I am now a Regional Sales Manager in a small technology organization. There are 9 other folks like me (not quite :D ), around the country and I am inquiring here for a couple of reasons.

1. I used to be a Sales Manager with 8 directs. Now that I am an individual contributor (and more effective) I'd like some input on how MT site/conferences can benefit me and my peers.

2. We are positioned as the "Nordstrom" of our industry, both by us as well as by our customers. I am part of a small group of people selected to help further differentiate us from our competition. I have suggested very nice thank you notes as well as an executive gift program for some of our best customers. Any other suggestions? Anything that MT forums/site has to offer for this?

jhack's picture

Some companies do not allow their employees (especially those with purchasing power) to accept gifts worth more than a very small amount.

What is the product or service? "Technology" is a pretty broad area.

You might be able to provide some "high touch" aspects to your service component: personal delivery of some items, executive visits, a "round table" which allows customers direct input into the product planning process, etc. You may already be doing this.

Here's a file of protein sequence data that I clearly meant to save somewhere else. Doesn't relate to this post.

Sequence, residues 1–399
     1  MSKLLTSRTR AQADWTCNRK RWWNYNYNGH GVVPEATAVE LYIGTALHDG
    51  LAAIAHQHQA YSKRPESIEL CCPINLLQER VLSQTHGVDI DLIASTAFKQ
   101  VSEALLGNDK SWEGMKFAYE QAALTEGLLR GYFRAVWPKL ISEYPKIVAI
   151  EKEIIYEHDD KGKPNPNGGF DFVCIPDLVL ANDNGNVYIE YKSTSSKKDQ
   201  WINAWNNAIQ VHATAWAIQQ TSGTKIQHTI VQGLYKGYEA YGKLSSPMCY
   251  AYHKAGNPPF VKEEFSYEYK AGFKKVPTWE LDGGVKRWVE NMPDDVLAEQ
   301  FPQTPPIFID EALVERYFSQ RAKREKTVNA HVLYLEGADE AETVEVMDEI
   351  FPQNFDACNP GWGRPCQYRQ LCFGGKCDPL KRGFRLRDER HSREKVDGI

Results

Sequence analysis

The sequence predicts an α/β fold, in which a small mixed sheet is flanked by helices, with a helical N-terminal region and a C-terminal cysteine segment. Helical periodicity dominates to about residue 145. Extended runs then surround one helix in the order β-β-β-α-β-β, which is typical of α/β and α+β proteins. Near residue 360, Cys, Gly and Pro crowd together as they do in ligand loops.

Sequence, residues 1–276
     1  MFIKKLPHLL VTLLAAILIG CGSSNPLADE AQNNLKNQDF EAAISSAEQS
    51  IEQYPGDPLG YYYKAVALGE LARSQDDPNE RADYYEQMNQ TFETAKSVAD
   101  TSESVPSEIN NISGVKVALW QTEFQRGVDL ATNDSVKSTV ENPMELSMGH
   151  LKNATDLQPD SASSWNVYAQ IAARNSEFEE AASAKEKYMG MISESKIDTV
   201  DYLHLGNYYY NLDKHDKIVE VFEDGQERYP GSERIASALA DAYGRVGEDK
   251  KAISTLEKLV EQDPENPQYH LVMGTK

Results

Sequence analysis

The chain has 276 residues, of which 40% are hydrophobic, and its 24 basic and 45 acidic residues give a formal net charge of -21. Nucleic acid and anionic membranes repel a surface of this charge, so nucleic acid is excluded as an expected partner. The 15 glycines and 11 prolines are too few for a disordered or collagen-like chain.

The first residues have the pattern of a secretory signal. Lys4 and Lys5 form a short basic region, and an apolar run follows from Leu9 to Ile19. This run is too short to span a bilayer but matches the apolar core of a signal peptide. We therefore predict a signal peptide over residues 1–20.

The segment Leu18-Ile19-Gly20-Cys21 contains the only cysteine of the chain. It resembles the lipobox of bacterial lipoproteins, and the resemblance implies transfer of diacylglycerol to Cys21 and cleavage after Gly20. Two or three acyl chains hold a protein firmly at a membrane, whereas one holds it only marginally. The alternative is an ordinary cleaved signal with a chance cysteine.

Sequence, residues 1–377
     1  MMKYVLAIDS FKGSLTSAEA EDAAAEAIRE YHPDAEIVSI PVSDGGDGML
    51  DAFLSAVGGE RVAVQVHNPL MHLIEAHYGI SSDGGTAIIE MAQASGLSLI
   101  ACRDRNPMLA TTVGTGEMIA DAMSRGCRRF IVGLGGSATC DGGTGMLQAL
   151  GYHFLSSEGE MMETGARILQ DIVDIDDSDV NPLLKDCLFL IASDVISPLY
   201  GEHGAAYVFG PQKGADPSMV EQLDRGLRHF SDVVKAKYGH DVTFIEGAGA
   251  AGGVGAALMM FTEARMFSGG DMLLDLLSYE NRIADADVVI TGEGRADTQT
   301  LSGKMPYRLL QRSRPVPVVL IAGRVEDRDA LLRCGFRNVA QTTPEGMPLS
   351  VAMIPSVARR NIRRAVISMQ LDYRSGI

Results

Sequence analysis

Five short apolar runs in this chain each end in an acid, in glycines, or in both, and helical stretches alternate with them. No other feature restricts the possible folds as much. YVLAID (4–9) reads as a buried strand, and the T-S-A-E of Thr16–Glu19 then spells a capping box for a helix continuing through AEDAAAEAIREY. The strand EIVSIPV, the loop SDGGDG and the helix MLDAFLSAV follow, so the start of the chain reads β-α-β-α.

Packaging is a great differentiator: have you bought an iPhone or iPod? The physical packaging is a delight.


eastcoastrob's picture

I agree with John that you need to be somewhat careful about gifts especially if you do anything with government organizations.

In terms of differentiating yourself from the competition, I've had considerable success using a one page "executive summary" of the key things that make my company different from others in the industry. Let me be clear: I'm referring to the company and it's practice and not specific product features, etc.

Hope that helps

tomas's picture

I had to Google Nordstroms as I'm not familiar with the company. I gather that it is an upmarket retail renowned for customer service. I'm having a bit of trouble relating that to a technology company (especially without knowing what you sell), but I guess it comes down to customer service and the intangible aspects of your product and/or service delivery.

Assuming that your underlying product is good quality and value for money, you can look at how your company delivers customer service. Can your customers get someone on the phone or get their emails answered in a timely manner? Do you have account managers who can actually help get things done, rather than being a hindrance? Customers don't want to be contacted continuously, but regular contact is good.

Gift giving is a tricky area. Corporate merchandise can be ok - i.e. branded pens, coffee cups, golf balls etc. You have to be careful that it doesn't come across as inappropriate. For example, I'd feel uncomfortable if a vendor wanted to take me out for an expensive meal, but would be fine if a nice meal was provided during an information/training session.